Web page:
You’ll know when he’s back on the whisky,
because the taxi comes all the way out
from the town carrying the bottles, on the days
when the postman brings his cheque.
You’ll see it bump back down the muddied road
from the far end of the glen, to where the shell
of the family house huddles in its broken square
of unmown meadow, wire and pebbles.
His skinny dogs – the bearded collie
and the mongrel – chase its spinning tyres,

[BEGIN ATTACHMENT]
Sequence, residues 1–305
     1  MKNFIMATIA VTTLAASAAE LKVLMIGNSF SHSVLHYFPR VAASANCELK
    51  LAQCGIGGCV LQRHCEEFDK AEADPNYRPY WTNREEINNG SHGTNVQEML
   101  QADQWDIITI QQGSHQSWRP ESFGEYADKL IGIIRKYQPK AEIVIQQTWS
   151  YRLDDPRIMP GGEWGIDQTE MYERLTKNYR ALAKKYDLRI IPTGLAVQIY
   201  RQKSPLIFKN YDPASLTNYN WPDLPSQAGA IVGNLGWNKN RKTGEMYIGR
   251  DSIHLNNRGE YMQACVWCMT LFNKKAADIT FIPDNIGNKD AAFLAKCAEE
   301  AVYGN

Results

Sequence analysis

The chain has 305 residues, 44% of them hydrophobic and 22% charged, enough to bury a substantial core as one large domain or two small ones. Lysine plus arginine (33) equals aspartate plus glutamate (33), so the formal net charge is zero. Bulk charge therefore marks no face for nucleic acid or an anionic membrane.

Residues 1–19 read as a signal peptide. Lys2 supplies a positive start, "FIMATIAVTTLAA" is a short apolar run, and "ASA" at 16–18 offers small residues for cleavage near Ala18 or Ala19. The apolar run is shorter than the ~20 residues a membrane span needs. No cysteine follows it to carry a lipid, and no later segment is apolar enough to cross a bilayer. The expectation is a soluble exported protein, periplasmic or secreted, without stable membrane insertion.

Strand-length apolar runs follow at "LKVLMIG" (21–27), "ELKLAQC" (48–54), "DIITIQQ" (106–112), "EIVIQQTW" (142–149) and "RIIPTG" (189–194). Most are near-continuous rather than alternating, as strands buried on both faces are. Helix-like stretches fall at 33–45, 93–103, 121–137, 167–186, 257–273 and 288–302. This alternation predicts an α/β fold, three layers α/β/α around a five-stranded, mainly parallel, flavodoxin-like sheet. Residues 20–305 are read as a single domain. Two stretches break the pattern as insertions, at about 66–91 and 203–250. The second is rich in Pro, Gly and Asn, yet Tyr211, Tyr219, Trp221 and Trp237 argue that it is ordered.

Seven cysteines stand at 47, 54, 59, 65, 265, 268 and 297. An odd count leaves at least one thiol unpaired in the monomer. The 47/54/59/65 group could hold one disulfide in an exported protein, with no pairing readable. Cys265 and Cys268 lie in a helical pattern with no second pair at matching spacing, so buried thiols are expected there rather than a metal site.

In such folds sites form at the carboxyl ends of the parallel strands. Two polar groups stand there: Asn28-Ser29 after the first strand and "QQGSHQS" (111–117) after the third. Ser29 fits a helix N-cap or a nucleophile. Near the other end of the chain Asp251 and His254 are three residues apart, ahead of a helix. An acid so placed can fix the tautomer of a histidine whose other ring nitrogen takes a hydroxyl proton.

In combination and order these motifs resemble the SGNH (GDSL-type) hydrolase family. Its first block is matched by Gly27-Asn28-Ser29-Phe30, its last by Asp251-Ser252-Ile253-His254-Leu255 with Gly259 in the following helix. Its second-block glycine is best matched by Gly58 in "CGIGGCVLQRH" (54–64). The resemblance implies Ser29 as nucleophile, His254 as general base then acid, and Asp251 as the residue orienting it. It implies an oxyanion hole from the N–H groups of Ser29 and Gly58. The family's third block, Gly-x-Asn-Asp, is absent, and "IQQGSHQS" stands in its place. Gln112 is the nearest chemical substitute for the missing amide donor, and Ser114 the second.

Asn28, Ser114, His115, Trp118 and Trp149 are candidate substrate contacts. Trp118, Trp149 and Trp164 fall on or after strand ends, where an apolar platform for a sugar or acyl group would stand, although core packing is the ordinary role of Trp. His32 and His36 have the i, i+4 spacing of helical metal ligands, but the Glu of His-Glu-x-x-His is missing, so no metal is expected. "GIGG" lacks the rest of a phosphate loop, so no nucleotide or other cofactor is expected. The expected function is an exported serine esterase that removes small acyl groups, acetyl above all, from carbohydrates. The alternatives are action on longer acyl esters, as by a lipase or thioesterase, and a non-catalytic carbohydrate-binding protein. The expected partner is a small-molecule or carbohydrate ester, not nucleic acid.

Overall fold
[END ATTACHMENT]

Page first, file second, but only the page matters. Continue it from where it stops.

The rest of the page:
their sharp rasps spilling over the hillside
like too much water over a bath rim.
His muted, rheumy eyes gaze through them
and the lowered window, and for just a moment
he’s all his accumulated ages at once, and then
the man he is, older than his whispered years.
And when you finally call by at the house –
the days it’s taken him to drink it all having passed –
he’ll stand there sheepish by the missing front door,
and tell you how he’s been a naughty boy.